Immunology/Rheumatology/ Transplantation

Idefirix, approved to enable kidney transplantation in highly sensitized patients.

Jyseleca, approved for adults with moderate to severe rheumatoid arthritis (RA).

Metabolism

Two new treatments –Nilemdo and Nustendi- for lowering cholesterol levels in adults.

Neurology

Two new drugs for treating rare, inherited, degenerative and life-threatening disorders in children: Libmeldy, for metachromatic leukodystrophy (MLD) and Zolgensma, a gene therapy medicine for spinal muscular atrophy (SMA).

Pneumology/Allergology

Kaftrio, to treat cystic fibrosis in adults and children aged 12 years and above.

Uro-nephrology

Oxlumo, To treat hyperoxaluria type 1 in adults and children.

Interestingly, 18 out of the 39 approved new active substances are used to treat rare diseases. According to EMA, a disease is considered rare if fewer than five in 10,000 people have it. Around 30 million people in the European Union (EU) suffer from a debilitating rare disease, which means one in 17 people; so finding effective treatments for these rare diseases is a huge challenge.

In this sense, the EMA encourages the development of orphan medicines for these rare -and in some cases neglected diseases-, understanding that these medicines have the potential to significatively benefit patients for which there are no other approved treatments.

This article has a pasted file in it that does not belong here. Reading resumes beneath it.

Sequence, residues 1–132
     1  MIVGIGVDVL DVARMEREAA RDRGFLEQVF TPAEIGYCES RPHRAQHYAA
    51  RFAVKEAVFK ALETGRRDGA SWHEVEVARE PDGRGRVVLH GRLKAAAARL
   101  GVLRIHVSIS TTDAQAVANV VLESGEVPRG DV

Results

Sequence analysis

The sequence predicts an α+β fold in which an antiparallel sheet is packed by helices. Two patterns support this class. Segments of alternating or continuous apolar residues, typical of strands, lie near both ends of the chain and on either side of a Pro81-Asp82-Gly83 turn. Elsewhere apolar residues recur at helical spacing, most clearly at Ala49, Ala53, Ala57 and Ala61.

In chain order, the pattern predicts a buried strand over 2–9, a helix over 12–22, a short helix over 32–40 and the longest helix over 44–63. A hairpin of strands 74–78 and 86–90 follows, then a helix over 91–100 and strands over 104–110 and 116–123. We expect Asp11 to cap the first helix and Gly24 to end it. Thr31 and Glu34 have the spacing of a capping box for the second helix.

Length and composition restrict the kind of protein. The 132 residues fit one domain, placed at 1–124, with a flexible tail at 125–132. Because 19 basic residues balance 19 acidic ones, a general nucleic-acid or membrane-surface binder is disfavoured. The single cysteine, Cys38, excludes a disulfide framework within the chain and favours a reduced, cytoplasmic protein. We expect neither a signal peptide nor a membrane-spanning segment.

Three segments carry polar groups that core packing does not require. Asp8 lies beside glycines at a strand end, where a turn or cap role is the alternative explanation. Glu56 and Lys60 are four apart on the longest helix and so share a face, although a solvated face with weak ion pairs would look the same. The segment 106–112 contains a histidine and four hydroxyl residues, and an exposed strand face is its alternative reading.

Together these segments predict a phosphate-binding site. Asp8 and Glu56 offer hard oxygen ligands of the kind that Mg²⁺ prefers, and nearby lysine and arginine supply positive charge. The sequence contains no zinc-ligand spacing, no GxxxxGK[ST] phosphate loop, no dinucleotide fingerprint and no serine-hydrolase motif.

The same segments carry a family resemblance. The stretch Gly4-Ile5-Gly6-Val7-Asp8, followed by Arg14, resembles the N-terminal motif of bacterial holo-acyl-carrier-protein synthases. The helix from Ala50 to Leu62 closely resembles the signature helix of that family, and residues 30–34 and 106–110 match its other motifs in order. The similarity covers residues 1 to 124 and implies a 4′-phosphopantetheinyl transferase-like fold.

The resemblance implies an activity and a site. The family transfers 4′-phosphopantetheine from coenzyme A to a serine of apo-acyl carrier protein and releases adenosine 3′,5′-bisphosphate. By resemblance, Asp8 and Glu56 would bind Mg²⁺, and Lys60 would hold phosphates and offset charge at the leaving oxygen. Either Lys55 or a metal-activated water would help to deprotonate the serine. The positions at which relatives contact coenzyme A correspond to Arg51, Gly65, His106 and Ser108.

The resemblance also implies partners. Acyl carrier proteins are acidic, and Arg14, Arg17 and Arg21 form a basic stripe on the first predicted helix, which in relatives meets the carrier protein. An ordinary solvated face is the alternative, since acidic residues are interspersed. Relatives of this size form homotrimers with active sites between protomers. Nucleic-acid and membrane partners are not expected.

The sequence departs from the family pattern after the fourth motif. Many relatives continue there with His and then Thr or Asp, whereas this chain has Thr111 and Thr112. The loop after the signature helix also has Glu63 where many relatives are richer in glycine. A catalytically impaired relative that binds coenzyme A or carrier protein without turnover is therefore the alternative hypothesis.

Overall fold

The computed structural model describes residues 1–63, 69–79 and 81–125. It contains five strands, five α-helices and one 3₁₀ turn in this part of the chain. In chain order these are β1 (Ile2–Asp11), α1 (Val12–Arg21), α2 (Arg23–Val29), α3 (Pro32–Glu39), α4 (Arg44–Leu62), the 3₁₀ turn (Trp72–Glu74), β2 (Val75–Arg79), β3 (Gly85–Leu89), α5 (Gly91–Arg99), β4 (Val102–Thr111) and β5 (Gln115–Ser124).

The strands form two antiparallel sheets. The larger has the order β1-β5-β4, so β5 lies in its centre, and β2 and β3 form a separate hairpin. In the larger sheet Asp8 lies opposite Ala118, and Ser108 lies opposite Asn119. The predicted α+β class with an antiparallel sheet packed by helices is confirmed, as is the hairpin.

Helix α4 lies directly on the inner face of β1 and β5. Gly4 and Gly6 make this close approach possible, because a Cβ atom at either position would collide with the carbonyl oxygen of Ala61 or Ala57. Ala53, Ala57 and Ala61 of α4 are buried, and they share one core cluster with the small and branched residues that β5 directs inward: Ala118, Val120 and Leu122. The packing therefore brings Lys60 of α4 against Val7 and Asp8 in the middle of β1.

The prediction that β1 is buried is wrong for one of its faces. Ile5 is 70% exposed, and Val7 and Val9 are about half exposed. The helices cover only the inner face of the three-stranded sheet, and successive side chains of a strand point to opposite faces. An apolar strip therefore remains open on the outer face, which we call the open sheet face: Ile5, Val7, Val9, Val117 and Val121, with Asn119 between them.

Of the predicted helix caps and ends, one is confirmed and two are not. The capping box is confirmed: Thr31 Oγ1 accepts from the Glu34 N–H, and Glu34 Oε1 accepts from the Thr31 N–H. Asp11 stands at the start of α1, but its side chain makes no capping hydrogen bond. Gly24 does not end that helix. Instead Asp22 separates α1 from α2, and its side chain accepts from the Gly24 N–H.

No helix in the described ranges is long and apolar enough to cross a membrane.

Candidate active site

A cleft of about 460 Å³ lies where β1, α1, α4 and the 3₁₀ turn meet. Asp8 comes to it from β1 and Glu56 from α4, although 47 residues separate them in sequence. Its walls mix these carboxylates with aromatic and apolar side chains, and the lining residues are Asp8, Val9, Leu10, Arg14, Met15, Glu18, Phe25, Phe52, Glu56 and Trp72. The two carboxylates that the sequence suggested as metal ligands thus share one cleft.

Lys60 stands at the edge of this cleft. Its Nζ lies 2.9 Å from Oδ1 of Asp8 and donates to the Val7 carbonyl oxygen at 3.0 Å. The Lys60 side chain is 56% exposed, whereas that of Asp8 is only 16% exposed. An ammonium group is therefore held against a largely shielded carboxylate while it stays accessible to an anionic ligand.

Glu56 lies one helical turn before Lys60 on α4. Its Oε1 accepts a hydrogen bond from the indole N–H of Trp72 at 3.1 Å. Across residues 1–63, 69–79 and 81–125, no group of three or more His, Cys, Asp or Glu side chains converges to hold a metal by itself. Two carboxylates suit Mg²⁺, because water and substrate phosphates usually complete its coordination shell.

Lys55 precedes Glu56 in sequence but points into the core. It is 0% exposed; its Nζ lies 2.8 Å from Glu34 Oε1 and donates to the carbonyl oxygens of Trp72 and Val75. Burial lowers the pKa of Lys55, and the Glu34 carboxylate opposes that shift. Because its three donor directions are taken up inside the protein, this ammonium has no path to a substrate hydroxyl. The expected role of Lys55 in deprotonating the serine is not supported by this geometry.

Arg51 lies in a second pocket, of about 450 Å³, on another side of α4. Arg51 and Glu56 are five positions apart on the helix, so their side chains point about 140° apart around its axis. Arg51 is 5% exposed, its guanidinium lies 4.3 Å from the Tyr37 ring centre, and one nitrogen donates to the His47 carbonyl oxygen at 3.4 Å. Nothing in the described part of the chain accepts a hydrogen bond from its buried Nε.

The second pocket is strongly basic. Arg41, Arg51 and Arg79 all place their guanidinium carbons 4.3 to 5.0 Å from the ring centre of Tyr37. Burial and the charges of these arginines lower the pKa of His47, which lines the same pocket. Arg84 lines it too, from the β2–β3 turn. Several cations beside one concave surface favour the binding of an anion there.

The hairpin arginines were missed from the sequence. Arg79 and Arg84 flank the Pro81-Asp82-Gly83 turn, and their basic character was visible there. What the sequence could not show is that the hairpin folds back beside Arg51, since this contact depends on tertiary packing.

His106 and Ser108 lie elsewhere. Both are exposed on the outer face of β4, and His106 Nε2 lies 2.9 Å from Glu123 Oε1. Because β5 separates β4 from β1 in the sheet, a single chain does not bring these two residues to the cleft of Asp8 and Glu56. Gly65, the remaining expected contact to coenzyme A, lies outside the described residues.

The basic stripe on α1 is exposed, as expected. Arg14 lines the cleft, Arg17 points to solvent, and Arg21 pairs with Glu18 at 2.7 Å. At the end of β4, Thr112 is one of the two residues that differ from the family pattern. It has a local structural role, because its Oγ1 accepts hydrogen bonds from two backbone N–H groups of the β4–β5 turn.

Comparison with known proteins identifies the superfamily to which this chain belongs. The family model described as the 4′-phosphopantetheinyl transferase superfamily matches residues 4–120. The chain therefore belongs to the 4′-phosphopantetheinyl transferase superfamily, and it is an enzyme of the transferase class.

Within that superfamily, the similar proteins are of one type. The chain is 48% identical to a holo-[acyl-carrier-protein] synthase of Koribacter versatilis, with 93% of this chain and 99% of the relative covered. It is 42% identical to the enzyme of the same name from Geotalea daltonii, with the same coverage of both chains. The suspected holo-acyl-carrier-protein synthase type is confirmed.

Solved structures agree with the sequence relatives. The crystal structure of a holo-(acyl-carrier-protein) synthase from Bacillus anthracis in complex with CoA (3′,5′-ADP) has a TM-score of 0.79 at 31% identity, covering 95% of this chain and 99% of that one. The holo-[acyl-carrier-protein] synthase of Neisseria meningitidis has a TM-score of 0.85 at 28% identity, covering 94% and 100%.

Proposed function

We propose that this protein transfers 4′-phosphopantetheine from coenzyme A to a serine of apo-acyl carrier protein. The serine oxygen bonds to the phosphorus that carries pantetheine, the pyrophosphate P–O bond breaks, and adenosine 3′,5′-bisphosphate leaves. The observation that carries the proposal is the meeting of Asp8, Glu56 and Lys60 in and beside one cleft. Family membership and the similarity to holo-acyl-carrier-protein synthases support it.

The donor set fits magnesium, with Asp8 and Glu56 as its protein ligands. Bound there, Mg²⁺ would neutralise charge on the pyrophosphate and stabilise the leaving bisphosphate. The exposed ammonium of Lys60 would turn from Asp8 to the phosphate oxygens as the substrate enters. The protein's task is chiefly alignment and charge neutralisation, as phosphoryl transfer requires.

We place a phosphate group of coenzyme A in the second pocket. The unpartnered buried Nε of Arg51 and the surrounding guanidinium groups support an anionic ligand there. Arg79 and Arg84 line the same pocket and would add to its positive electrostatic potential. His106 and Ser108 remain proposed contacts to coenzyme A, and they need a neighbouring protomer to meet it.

In addition, as around 70% of rare diseases are genetic, their first symptoms develop during childhood. Therefore, through the 2020 data we can conclude that 39% of the new active substances approved for rare diseases are used to treat children.

This brings under the spotlight the fact that 12 out of the 30 new approvals that may apply to children are indicated in pediatric population. This is great news, as years ago, most of the pediatric drug use was ‘off-label’ because appropriate pediatric studies had not been conducted so the drugs had not been labelled by the EMA for ‘use in children’. Taking into account that children are a unique population with distinct developmental and physiological differences from adults, this ‘off-label’ use throughout the years sometimes led to inadequate dosing and lack of safety information which placed children at risk for adverse events and denied them potential therapeutic benefits.

Thankfully, over the last years multiple clinical trials on pediatric population have been conducted and today we can see the rewarding results: several children undergoing critical diseases -whether rare, genetic or disabling- have now a treatment option to improve their quality of life -which is proved to be safe and effective for them-.

Following with all the approvals for 2020 -and putting the new active substances aside- there were 83 recommendations on extensions of therapeutic indications. This is a substantial amount of indications; as the extension of the use of a medicine that is already authorised for marketing in the EU can also offer new treatment opportunities for patients -and is also a way for pharmaceutical companies to achieve the maximum profitability of their compound throughout its lifecycle-.